8 votes

Surprise for New York renters: No more broker fees

6 comments

  1. [5]
    Micycle_the_Bichael
    Link
    This is great news for tennants in NYC. Hopeful that other prohibitively expensive cities like SF, Seattle, and Boston pass similar laws. Though, an important note: If a city is going to enact a...

    This is great news for tennants in NYC. Hopeful that other prohibitively expensive cities like SF, Seattle, and Boston pass similar laws. Though, an important note:

    “What was the intended purpose of this?” said Jared Antin, director of sales at Elegran. “If it’s to minimize the cost to the tenant, it just changes when the cost is due. Instead of upfront, they will pay it monthly.”
    But state laws limit how much rents can be raised in New York City’s roughly 1 million rent-regulated apartments. There are more than 900,000 market-rate apartments that are not regulated.

    If a city is going to enact a similar law, they also need to have a statae law that limits how much rent can be raised in order to prevent the costs from being added to monthly rent. I've had to stay in terrible apartments for years because the cost of moving when a broker's fee is a given for almost every apartment is as much as it is. For me, leasing a new apartment will require you to cut a check before signing that equals 4 months rent: first month, last month, broker's fee equal to one month's rent, and a security deposit equal to one months rent. My last apartment cost me $7000 up front, and my current apartment was ~$10,000. To rent a 2 bedroom. It is so fucking stupid. I am lucky enough to live with my partner and between the two of us after 3 years of saving we could move. There are thousands in this city alone who don't have the benefit of 2 above-average paychecks.

    5 votes
    1. [2]
      no_exit
      Link Parent
      I didn't even know broker fees were a thing until a friend of mine moved to Boston and told me about their experience finding a place. I think they also ended up paying around 7k. What a scam.

      I didn't even know broker fees were a thing until a friend of mine moved to Boston and told me about their experience finding a place. I think they also ended up paying around 7k. What a scam.

      3 votes
      1. Micycle_the_Bichael
        Link Parent
        I think broker's free are a scam, but I will begrudgingly give a bit more nuance. I will unhappily pay a broker's fee if I employ the broker and ask him to help me find an apartment. I view that...

        I think broker's free are a scam, but I will begrudgingly give a bit more nuance. I will unhappily pay a broker's fee if I employ the broker and ask him to help me find an apartment. I view that similarly to sales commissions, I think they are stupid but I accept it. What is really stupid is when I find a listing on Zillow or some equivalent site, get walked through the apartment, and then I am expected to pay the broker's fee even though the landlord is the one who employed the broker to make the listing, handle walk-throughs, and draft the contract. It is bullshit that broker is involved because the landlord wanted it, and I have to pay even though I had no say in if I wanted to go through a broker or not. That's where it goes from "I am unhappy about this" to "this is absolute horseshit".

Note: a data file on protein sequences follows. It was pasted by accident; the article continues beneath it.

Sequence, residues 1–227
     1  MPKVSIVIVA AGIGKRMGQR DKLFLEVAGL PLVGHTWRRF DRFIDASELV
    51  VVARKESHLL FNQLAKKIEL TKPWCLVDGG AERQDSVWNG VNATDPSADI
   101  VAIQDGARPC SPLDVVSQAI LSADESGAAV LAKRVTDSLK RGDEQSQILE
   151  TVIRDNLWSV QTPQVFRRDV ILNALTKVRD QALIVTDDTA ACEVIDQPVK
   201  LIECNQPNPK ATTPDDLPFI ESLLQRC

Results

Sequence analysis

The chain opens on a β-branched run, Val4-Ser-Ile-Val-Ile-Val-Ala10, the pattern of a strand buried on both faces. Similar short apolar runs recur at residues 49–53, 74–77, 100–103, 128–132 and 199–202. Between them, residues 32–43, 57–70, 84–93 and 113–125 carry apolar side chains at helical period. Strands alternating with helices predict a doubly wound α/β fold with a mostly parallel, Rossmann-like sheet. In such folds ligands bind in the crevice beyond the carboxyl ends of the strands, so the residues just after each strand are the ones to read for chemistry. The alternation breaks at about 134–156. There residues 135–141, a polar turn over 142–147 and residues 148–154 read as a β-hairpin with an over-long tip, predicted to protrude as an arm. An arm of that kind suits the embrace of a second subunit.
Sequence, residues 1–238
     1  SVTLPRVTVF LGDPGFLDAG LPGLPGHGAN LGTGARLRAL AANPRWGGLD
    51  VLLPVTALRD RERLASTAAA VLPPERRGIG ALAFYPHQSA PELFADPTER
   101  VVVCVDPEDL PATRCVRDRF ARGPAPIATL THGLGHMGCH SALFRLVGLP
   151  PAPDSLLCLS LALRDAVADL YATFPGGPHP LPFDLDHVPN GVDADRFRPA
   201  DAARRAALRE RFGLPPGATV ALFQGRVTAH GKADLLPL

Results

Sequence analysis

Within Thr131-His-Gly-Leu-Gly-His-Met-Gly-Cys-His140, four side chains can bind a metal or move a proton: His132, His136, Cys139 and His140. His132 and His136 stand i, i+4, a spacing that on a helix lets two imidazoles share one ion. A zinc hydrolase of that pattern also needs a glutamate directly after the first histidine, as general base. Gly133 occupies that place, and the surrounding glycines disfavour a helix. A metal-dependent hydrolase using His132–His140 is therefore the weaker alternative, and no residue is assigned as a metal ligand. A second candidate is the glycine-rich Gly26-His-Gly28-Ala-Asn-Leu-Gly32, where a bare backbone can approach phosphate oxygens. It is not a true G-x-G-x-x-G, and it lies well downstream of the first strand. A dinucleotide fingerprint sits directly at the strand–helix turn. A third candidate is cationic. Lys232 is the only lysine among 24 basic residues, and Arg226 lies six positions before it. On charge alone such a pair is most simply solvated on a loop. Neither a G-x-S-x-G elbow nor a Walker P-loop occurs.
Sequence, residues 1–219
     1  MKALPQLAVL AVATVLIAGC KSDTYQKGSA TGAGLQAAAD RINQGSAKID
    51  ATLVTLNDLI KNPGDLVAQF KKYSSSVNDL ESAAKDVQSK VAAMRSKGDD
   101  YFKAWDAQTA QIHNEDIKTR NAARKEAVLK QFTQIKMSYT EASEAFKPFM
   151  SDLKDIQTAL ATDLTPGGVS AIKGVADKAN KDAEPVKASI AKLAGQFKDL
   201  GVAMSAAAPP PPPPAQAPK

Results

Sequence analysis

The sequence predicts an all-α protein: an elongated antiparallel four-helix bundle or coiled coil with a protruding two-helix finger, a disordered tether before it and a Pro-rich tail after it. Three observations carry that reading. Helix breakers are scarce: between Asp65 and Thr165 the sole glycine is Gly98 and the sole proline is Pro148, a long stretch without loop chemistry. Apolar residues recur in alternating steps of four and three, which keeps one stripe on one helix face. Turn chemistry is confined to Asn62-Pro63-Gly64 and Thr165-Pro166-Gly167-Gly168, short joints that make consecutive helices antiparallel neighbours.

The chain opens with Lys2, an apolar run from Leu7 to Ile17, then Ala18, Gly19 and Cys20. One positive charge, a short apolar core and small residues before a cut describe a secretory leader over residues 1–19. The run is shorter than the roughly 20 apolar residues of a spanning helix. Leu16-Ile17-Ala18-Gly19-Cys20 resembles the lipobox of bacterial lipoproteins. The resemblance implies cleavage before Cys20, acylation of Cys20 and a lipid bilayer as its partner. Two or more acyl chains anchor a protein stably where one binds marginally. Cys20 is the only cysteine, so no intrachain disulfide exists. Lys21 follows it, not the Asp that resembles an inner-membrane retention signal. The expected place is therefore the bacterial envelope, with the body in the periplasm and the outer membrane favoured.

5 votes
    2. [2]
      frostycakes
      Link Parent
      What a scam. Even in my area, with its own massive issues with lack of affordable housing, I haven't had to pay more than first month's rent, a deposit (the highest of which was only $250) and the...

      What a scam. Even in my area, with its own massive issues with lack of affordable housing, I haven't had to pay more than first month's rent, a deposit (the highest of which was only $250) and the application fee (usually $20-$60). My current place cost my SO and I ~$1900 to move into, for example. And none of these are income-controlled or anything like that, plus my state has very tenant-unfriendly laws.

      Even the few people I know who have used a broker to find a place here never paid the broker themselves, the brokers were paid by the complex/landlord themselves.

      How do people even afford to get places in cities like this? If it got/gets to this point here, I'll be fine with throwing my hands up and renting the basement apartment from my parents. No wonder we have people moving from places like NYC and being shocked at how cheap (relative to there) it is to rent here.

      1 vote
      1. Micycle_the_Bichael
        Link Parent
        you either (a) have a very high income (b) have lots of roommates (c) live in the same apartment for as long as possible or (d) are added to the skyrocketing homeless population (or I guess also...

        How do people even afford to get places in cities like this?

        you either (a) have a very high income (b) have lots of roommates (c) live in the same apartment for as long as possible or (d) are added to the skyrocketing homeless population (or I guess also (e) leave the city)

        3 votes
  2. vord
    Link
    Good riddance to the leeches. The fewer middlemen and the more consumer protection laws the better.

    Good riddance to the leeches. The fewer middlemen and the more consumer protection laws the better.

    3 votes